Rothar Routes

Cycle routes & pilgrim journeys in Ireland and Europe …..

Posts tagged ‘Mizen Head’

Malin Head to Mizen Head Day 8

Bantry – Mizen 54kms

I don’t ride a bike to add days to my life. I ride a bike to add life to my days.

Anon

The final day. A sense of exhilaration floods the senses. Looking forward to a great days cycling, of great sea views, of the last few hills to climb, thinking of rounding that last headland and the Atlantic Ocean stretching out endlessly ahead of us. Friday’s Bantry Market is famous and it was setting up just as we started. It looked like a great place to grab a bargain! Pádraig and Celine Dooley, who are on holidays close by, popped in to wish us well on the last leg and kindly stayed around to see us at the finish. It must have been the giddiness of anticipation that saw us head 12kms down towards Sheep Head instead of onward to Durrus; we put a nice few extra kms on our route plus a nice climb over the peninsula to get back on track. But again these deviations from plan always seem to work out for the better. We had great views across to the Beara peninsula before we turned inland and over the brow of the hill. A tough climb but with a great tail wind so we weren’t too put out and we were soon rolling into Durrus.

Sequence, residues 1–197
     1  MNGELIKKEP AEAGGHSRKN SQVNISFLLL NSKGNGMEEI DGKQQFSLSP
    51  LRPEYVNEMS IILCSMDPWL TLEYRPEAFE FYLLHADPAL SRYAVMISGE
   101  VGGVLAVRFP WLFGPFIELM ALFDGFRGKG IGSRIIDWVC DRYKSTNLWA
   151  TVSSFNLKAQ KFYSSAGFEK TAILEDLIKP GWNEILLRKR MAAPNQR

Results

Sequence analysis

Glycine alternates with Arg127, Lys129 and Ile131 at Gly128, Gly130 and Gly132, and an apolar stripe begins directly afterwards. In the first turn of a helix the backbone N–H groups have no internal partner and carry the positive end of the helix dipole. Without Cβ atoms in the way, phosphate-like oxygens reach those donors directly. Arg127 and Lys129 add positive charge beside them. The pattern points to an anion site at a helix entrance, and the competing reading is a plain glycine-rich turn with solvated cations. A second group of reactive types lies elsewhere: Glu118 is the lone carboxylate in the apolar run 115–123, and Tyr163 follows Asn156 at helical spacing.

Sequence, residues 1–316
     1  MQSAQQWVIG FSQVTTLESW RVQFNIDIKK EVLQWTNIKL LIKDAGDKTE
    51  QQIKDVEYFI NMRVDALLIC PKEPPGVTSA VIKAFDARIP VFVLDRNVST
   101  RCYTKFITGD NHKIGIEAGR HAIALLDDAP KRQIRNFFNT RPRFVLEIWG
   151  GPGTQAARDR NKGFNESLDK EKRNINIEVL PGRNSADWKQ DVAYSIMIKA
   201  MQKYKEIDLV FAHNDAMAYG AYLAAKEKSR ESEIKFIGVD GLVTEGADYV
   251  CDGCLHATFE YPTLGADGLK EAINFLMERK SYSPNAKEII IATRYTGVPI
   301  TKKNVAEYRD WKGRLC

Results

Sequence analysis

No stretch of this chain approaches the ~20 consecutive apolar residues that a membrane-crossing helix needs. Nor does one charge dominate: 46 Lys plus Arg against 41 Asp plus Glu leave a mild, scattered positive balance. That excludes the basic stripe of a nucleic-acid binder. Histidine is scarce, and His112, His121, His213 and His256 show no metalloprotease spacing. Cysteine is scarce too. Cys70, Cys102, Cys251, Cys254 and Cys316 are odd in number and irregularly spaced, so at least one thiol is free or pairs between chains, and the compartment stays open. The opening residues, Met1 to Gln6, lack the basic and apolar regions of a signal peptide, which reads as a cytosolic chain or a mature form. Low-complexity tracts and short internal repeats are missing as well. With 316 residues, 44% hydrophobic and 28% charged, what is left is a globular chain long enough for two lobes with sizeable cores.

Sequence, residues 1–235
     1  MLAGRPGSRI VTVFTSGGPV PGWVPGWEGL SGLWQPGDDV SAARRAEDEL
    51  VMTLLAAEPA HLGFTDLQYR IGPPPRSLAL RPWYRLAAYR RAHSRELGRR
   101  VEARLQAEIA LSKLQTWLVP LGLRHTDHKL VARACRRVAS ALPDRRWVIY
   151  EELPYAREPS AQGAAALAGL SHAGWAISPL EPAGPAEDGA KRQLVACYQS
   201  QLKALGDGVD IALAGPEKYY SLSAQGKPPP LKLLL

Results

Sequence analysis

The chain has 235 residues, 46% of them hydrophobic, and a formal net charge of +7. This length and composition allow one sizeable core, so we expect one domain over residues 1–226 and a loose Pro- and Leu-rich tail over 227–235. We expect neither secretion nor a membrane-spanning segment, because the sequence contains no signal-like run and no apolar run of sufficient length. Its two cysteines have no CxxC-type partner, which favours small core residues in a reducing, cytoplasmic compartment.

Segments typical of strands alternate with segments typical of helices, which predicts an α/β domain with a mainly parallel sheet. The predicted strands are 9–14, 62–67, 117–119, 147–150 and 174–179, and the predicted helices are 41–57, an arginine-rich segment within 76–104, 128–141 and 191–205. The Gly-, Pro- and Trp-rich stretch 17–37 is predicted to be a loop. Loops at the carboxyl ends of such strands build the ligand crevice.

Love the colourful Montbretia, so popular on the byroads of Cork and Kerry

The tail wind became a head wind soon enough and only the stunning coastal scenery kept our minds off the pain! Views of Barley Cove, Cape Clear, the mystical lonely Fastnet Rock inspired us with every turn of the pedals. Just one breathtaking view after another.

Goleen was buzzing; two large groups of cyclists passed us in the opposite direction with support vehicles, presumably head to Mizen! Once we turned at Goleen the wind was relentless; almost stopping us in our tracks. Ronan passed by, coming down to collect us. Pure adrenalin kept us going at this stage.

Barleycove
Not too far away now!

Eight days after leaving Ireland’s most northerly point, Malin Head, we crossed the finish line at Mizen Head. We didn’t kill ourselves, took our time, enjoyed the scenery, the fresh air and the exercise, getting stronger each day. I can’t recommend a bike trip like it highly enough. There are so many reasons to go on a long trip. The sense of complete freedom and independence on the road means travelling is so relaxed. It’s just you and the road. You decide when you go and how far you go. Its your schedule and not some tour company. It’s never about speed or time on the road. The pace of life away from the busy towns and tourist areas is a joy; people move slowly, cars stop behind you and are in no rush to whizz by. Things go wrong and you improvise. You get lost in your own thoughts; there’s a lot of public emphasis on wellness and mental health; I guess that’s what bike touring actually is when you boil it down. it’s good for the body and good for the soul! Thanks to all who have followed the blog – I hope it gave you a flavour of our trip and encourages you to try it someday for yourselves! Now where to next Mary?

Malin Head to Mizen Head Day 5

Terryglass to Aherlow 106kms

Should  I  stay  or  should  I  go  now?
Should  I  stay  or  should  I  go  now?
If  I  go  there  will  be  trouble
And  if  I  stay  it  will  be  double
So  come  on  and  let  me  know